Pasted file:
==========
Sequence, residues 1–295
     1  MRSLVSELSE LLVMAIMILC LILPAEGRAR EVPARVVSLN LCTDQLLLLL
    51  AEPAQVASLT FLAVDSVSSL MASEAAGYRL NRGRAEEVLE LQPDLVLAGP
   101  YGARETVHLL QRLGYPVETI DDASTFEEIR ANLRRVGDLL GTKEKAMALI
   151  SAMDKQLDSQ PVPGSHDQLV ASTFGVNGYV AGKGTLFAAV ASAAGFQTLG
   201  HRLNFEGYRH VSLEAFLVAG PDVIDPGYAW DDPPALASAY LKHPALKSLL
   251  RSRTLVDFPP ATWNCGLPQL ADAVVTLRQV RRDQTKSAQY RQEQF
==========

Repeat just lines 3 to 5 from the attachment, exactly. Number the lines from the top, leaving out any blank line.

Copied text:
    51  AEPAQVASLT FLAVDSVSSL MASEAAGYRL NRGRAEEVLE LQPDLVLAGP
   101  YGARETVHLL QRLGYPVETI DDASTFEEIR ANLRRVGDLL GTKEKAMALI
   151  SAMDKQLDSQ PVPGSHDQLV ASTFGVNGYV AGKGTLFAAV ASAAGFQTLG